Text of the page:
Congratulations to Annabel Lyon on winning the 2009 Rogers Writers' Trust Fiction Prize.
It started with the doubles: Gabriel Garcia Márquez, Jorge Luis Borges, Italo Calvino, Günter Grass, James Joyce. Do we need both of these? I’d ask my partner, holding up two copies of Cosmicomics or One Hundred Years of Solitude or Heart of Darkness, and he’d say, No, probably not, and then the trouble would start, because these were of course his-and-hers from before we lived together and who would have to blink first and give up her/his beloved copy?—with the different covers and fonts and assorted markings and traces that were intimately familiar to only one of us (the pages in my copy of The Good Soldier, for instance, with the faintest red tinge, spaghetti slurpings from a happy, solitary lunch with a good book).
Some decisions were easy: you couldn’t in good conscience get rid of the two different editions of Ulysses with different academic essays in each; that just wouldn’t be scholarly. And even though his Portrait of the Artist as a Young Man was bigger and cleaner and easier to read, I could remember reading mine in the basement lunchroom of the Calgary McDonald’s where I worked as a teenager (a less happy solitary lunch—I would bring cheese sandwiches from home rather than eat the free food, baffling and then pissing off management). And learning that he even had a copy of Wide Sargasso Sea had prompted one of the first inklings of love, so there was no way we were getting rid of that.
Eventually we kept all the doubles except, I think, a particularly grimy third paperback edition of King Lear and my Jesus’ Son, which was identical to his Jesus’ Son except for a large crease across the cover. I had used the crease to try to argue the clerk in the store where I bought it down from $1.99, but the clerk had stood firm. When she thought I wasn’t looking she had rolled her eyes at another clerk and the two of them had giggled at my cheapness. I had been poor at the time and the crease, as anyone who loves books knows, was sacrilegious; but the embarrassment stuck and I was happy enough to get rid of it when the opportunity arose. Finally I was making progress! Inspired, I managed to ditch three other books that day: cookbooks I had never used, including one from the 1950s on Chinese cuisine that included MSG in almost every recipe. Sprinkle on the MSG and serve! The rest went into boxes, because we were moving.
In the weeks leading up to the move, I got into the habit of visiting the liquor store daily, scooping up the empty Shiraz and Cabernet boxes, and then developing a surrogate affection for the boxes containing my beloved books. I grew particularly fond of the one that had contained a Chilean red, the one with the really nice drawing of the winery on the side—rolling hills striped with vine rows and a few shade trees in the foreground overhanging a long, low ranch-style hacienda—the box that now housed my Greeks. I could imagine peaceful hours on that veranda, but I could also imagine the winery as a setting for a Greek-type tragedy: the venerable Señor, the icy Señora, the sternly beautiful young Señorita, the brutal tragedy at the crossroads where the lane disappeared into the crotch of the hills, the blind, ponchoed seer, years later, revealing that the Señor had married his own madre and fathered his own hermana in the golden light of a Chilean sunset over the grapes . . .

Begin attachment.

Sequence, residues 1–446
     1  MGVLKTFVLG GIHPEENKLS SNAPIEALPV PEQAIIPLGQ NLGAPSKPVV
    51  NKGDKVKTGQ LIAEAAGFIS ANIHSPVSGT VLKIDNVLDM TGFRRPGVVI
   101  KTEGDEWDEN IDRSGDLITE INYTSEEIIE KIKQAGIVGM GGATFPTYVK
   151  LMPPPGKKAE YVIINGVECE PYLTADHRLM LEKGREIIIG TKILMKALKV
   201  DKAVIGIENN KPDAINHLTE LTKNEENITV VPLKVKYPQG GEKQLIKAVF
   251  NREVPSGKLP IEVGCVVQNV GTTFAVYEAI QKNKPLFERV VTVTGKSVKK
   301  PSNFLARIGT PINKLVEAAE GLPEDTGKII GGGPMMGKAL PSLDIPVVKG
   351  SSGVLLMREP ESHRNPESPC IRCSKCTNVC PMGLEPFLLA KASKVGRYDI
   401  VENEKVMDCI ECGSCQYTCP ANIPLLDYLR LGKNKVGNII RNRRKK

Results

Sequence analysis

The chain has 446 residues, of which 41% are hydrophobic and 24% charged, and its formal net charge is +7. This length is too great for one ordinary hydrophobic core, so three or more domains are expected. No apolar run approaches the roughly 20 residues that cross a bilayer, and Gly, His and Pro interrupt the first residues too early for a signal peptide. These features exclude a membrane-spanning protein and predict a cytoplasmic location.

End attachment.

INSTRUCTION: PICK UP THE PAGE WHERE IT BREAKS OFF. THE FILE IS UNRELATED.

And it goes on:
“Beloved books,” I wrote a few lines back, though “nagging” might be a more correct term. I packed a lot of books I’d never read, though meant to get to: Isak Dinesen, Osip Mandelstam, Pynchon, the weightier DeLillo, the Viking Portable Walt Whitman, Things Fall Apart, Wolf Willow, A Way in the World, The Voyage of the Beagle . . . This column is lists, this column is ellipses. Libraries are lists, libraries are ellipses: everything you can’t bear to part with, everything you haven’t read, everything you don’t own and everything you’re surprised to find you do (National Audubon Society Field Guide to the Night Sky, the autobiography of Count Basie, Basho’s Haiku, Jeeves in the Offing . . .)
And if I’m being truthful, I missed very few of these books. Sure, I felt a pang putting them away—how many weeks, old friend, ’til I see thee again?—but it was almost a relief once they were gone. The apartment acquired instant echoes and a sudden monky minimalism it was hard not to like. The books had become objects, things of shape and colour to be arranged here and there. Whereas the objects—like the Chilean wine box—had become the books, the stuff of story.
The only reading material I never lost track of during the move was the current issue of the New Yorker (I share the subscription with three other people and owed them what lawyers call a Duty of Care); the kid’s favourite board book (The Going to Bed Book by Sandra Boynton—zoo animals on a cruise ship—a work that, interestingly, predates Yann Martel’s The Life of Pi by over two decades); and After the Applause by Colleen and Gordie Howe and Charles Wilkins. I have never read After the Applause by Colleen and Gordie Howe and Charles Wilkins, but it (and a 1995 Vancouver White Pages, which I still haven’t located) has lain on my desk, propping up my computer monitor, through the writing of two books and countless articles. Books become objects; objects become books. After the Applause by Colleen and Gordie Howe and Charles Wilkins went into the box with my bank book, my passport, my extra fine black felt-tip Pilot Hi-Tecpoint V5 that cost five dollars—five dollars!—and my grandmother’s wedding ring, inscribed E. Sch. 21.2.37.